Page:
A Trump Environment Nominee Was So Close to Industry That Even Republicans Objected to Him

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A Trump nominee who was all but in the pocket of the chemical companies he was set to regulate at the EPA pulled off the rare feat of convincing three Republican senators he was unfit for the position. Before he could be rejected by the full Senate, Michael Dourson, a former chemical industry consultant, withdrew his nomination to be the EPA’s chemical safety chief on Wednesday.


After leaving the EPA in 1995, Dourson led an independent consulting nonprofit, Toxicology Excellence for Risk Assessment, where he essentially tailored research to the needs of chemical companies and repeatedly downplayed chemical toxicity. On Wednesday, The New York Times obtained a cache of emails through Greenpeace that showed Dourson’s close ties with companies whose products the EPA has proposed banning in its next review cycle:

The emails detail an unusually close relationship with the American Chemistry Council and with individual companies whose products are scheduled for priority review by the E.P.A., among them trichloroethylene, known as TCE, a volatile organic compound widely used in industrial and commercial processes, and flame retardants. The E.P.A., citing the significant health hazards of the chemical TCE, which is widely used as a degreasing agent and a spot cleaner on clothing, had proposing banning it.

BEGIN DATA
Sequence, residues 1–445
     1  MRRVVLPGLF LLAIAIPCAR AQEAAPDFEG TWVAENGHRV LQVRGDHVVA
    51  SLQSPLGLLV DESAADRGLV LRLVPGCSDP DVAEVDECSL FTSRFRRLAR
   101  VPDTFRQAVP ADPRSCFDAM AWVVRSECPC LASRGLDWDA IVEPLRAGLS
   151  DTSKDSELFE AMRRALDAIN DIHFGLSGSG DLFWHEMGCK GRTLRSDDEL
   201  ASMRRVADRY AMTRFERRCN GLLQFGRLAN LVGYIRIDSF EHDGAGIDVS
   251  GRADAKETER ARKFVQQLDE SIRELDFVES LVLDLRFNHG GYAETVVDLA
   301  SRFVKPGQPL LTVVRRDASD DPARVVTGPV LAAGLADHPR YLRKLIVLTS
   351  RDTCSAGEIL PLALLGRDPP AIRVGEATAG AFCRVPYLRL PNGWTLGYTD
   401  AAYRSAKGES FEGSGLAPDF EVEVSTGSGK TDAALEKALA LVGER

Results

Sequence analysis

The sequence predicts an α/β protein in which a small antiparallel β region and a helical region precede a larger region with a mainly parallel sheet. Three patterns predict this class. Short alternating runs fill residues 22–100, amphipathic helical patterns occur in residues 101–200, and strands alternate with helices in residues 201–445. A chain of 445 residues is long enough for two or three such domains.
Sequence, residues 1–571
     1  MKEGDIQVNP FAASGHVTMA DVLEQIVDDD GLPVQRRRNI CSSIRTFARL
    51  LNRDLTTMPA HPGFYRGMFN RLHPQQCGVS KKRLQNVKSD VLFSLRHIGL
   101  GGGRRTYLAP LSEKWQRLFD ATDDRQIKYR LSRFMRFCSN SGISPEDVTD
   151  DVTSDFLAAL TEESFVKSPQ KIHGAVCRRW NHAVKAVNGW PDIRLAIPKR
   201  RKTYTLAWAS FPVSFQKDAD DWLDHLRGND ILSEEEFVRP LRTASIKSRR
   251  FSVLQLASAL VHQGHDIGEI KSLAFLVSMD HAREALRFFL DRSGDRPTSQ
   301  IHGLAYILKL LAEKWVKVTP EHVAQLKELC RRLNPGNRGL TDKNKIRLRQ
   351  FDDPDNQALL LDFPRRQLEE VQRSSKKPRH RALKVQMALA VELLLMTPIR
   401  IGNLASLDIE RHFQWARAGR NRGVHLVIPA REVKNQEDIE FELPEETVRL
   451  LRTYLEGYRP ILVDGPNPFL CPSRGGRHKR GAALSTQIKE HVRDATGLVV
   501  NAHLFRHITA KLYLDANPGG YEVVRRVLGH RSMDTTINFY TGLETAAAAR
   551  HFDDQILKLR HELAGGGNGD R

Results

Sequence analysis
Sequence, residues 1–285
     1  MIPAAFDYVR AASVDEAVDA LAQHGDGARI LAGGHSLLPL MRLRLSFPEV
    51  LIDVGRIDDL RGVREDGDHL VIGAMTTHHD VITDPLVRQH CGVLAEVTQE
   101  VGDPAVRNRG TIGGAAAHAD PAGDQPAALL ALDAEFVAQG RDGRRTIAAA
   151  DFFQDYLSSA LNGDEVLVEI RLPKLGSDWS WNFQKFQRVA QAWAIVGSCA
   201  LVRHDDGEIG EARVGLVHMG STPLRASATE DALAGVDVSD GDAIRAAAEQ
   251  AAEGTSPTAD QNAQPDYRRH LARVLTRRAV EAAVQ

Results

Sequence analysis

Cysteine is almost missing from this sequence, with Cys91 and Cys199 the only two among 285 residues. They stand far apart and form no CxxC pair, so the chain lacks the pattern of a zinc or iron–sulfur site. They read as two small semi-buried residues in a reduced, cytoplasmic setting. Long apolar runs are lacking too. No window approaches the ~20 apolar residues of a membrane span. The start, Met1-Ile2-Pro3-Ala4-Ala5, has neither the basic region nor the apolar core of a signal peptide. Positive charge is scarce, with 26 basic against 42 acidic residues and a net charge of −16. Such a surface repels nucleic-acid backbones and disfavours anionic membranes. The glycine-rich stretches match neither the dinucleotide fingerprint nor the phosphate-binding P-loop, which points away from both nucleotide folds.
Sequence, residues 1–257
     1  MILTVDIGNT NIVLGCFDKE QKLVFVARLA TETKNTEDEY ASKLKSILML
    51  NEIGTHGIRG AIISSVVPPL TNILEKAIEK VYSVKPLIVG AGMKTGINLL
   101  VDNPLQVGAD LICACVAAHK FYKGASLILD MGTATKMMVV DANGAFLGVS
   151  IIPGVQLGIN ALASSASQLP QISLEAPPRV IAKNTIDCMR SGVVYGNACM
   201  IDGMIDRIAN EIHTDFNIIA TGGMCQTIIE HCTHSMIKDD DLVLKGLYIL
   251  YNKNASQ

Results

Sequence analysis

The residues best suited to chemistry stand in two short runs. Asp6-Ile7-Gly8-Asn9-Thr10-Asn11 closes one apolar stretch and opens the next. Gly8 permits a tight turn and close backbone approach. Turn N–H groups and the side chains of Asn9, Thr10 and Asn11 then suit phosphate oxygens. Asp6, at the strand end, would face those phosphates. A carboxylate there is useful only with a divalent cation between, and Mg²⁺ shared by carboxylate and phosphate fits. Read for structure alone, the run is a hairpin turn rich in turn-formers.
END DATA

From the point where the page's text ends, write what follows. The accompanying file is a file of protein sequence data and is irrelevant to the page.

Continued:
Dourson’s relationship with chemical producers proved to be so egregious that GOP Senators Richard Burr and Thom Tillis of North Carolina forcefully opposed his nomination in November. Susan Collins of Maine effectively sunk Dourson’s nomination when she indicated she was also “leaning against him.”

Senator Cory Booker of New Jersey offered a surprisingly apt characterization of Dourson’s career during his October confirmation hearing. “What you’ve been doing with your professional career...it almost seems like a scene out of a Disney movie where there’s corporate villains that do harm to our environment,” Booker said, clearly baffled.

Richard Denison, the lead scientist at the Environmental Defense Fund, described Dourson’s withdrawal as “good news for the health of American families” in a statement. “He would have undermined public health and damaged the historic chemical safety reforms passed by Congress last year,” Denison said.

Night Editor, Splinter